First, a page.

About 1,000 free WiFi access points in 200 public higher education institutions (HEIs) in the Philippines went online last week. This project, headed by the Department of Information and Communications Technology (DICT) and the United Nations Development Program (UNDP), aims to broaden free internet access in public spaces, especially in academic institutions. UNDP Philippines Resident Representative Selva Ramachandran said that they are planning to put up 300 more WiFi access points across the country in the future. As for private companies and government offices, crowdsourced cybersecurity testing platform Secuna is urging them to reassess their strategies as cyberattacks are increasing amid a tech talent shortage. Secuna CEO and co-founder AJ Dumanhug noted that only a few companies prioritize cybersecurity due to regulations and certifications. With the rising threat of cybercrime activities, he added that organizations should reconsider and create new strategies to recognize vulnerabilities and stay one step ahead of cybercriminals.

Derek Gallimore, founder and CEO of leading outsourcing marketplace Outsource Accelerator, recently launched a new book called Inside Outsourcing: How Remote Work, Outsourcing & Global Employment is Changing the World. The book deep dives into the dramatic shift in employment in the world — including remote, global, and offshore solutions — over the last few years. According to Gallimore, outsourcing had always been considered “the bad boy of business” due to its poor quality, unethical salaries, and inhumane condition. With this book, he aims to help people explore the evolution of outsourcing and the future of global employment.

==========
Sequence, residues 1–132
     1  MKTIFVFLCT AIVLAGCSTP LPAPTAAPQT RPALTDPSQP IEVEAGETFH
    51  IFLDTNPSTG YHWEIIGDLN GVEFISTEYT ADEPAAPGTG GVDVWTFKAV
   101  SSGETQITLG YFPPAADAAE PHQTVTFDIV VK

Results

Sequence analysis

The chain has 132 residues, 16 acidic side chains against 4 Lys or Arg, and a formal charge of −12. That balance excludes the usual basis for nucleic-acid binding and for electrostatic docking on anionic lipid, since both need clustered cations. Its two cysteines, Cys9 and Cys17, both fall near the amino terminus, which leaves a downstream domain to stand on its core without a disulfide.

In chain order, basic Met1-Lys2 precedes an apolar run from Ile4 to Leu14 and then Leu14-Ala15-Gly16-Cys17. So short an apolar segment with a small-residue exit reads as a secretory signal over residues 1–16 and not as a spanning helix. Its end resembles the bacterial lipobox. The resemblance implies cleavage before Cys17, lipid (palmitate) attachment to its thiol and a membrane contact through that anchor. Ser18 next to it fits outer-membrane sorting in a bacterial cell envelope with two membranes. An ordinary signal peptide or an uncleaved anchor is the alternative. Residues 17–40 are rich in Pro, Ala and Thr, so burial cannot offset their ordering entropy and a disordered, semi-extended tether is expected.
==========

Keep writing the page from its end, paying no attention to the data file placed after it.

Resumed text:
Ready to delve deeper into outsourcing? ​​Grab a copy of Derek Gallimore’s book, Inside Outsourcing now in paperback, Kindle (ebook), and Audible (audio) in bookstores nationwide or through Amazon.


Thursday, June 16, 2022



15 June 2022

14 June 2022

13 June 2022

  • Marcos admin called to prioritize IT-BPO, agri sectors – read article…
  • BPOs should consider waiving tax incentives — FIRB – read article…
  • PEZA pushes for tax break continuation amid FIRB’s statement – read article..
  • DOF: Fiscal perks not ‘top-of-mind’ consideration to BPO investors – read article..

10 June 2022

09 June 2022

  • PH senator asks incoming economic team to resolve WFH dilemma – read article…
  • PH BPO revenue jumps 10.6% in 2021, surpassing set target – read article…
  • BPO openings dominate job vacancies in Davao – read article…
  • Outsource Accelerator CEO launches book on outsourcing, warns of seismic shift in employment – read article…

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About Derek Gallimore

Derek Gallimore has been in business for 20 years, outsourcing for over eight years, and has been living in Manila (the heart of global outsourcing) since 2014. Derek is the founder and CEO of Outsource Accelerator, and is regarded as a leading expert on all things outsourcing.